The real treasure, that which can put an end to our poverty and all our trials, is never very far; there is no need to seek it in a distant country. It lies buried in the most intimate parts of our own house; that is, of our own being. It is behind the stove, the centre of the life and warmth that rule our existence, the heart of our heart, if only we knew how to unearth it.
Four hundred years after conquest by the Spaniards, the Incas of Peru preserve a seed of their old culture. Though in greatly reduced form, the ancient life pattern which developed in the Andes still survives. In the remote region of Q’eros in the Department of Cuzco, the Indian’s life remains fully involved with the land.
The Incas' agricultural and religious settlement of Pisac in the Department of Cuzco overlooks the fertile bottomland of the Vilcanota (upper Urubamba) River valley. The lower and wider Inca terraces of the valley floor are still cultivated, but the narrower upper terraces are used now only for grazing llamas and sheep.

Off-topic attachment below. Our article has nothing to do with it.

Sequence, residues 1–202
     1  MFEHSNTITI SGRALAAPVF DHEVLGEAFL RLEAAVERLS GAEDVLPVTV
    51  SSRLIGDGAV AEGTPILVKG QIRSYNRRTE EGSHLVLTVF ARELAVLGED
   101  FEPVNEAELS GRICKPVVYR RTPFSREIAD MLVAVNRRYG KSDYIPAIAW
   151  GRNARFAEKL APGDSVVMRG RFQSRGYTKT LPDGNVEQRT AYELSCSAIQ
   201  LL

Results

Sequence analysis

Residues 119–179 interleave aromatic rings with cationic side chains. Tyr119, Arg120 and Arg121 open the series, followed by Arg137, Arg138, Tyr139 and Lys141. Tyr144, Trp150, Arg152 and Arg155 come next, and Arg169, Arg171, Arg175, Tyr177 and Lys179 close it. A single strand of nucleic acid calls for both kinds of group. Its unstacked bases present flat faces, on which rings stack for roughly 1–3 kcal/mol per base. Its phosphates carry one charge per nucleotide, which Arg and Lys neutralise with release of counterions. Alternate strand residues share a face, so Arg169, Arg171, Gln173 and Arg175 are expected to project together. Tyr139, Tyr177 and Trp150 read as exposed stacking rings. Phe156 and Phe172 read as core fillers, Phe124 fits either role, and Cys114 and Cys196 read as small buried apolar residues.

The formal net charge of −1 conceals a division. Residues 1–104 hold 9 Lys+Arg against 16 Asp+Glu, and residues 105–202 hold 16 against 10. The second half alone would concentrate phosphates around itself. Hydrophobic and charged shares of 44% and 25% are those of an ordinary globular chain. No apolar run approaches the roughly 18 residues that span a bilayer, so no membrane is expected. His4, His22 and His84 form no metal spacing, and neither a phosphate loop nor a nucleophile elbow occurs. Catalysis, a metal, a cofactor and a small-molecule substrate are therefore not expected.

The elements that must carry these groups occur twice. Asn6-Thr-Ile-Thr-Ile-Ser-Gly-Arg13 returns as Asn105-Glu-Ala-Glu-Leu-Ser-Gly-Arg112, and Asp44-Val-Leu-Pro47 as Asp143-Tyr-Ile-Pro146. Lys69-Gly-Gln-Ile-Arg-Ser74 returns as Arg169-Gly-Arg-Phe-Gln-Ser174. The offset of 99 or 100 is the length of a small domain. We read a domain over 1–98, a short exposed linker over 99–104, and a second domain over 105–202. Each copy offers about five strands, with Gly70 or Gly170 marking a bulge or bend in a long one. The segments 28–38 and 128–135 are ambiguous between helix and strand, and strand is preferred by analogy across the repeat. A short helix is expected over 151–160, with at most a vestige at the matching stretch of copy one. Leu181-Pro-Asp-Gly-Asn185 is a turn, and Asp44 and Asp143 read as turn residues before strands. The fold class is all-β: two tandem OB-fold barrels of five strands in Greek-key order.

Photographs of the Xicrin Indians of the Amazon Basin
We have no information regarding the Xicrin Indians except their location in the Amazon River Basin of Brazil, nor do we know if they are of the same family as the Desana, an isolated tribe of the Northwest Amazon. The particular details of language and custom may differ.
Cambridge, Massachusetts 1970. Harvard University Press, 123 reproductions, 11 x 12 inches. $25.00 Paperbound $9.50. During 1967 and 1968, Bruce Davidson spent a great deal of his time photographing a single block in the East Harlem ghetto.
John Cohen. Born in New York City, 1932. Bachelor of Fine Arts, 1955, Master of Fine Arts 1957, Yale School of Fine Arts. Studied painting with Josef Albers, photography with Herbert Matter. Master's Thesis on weaving in Peru. Since 1957 has worked as free lance photographer.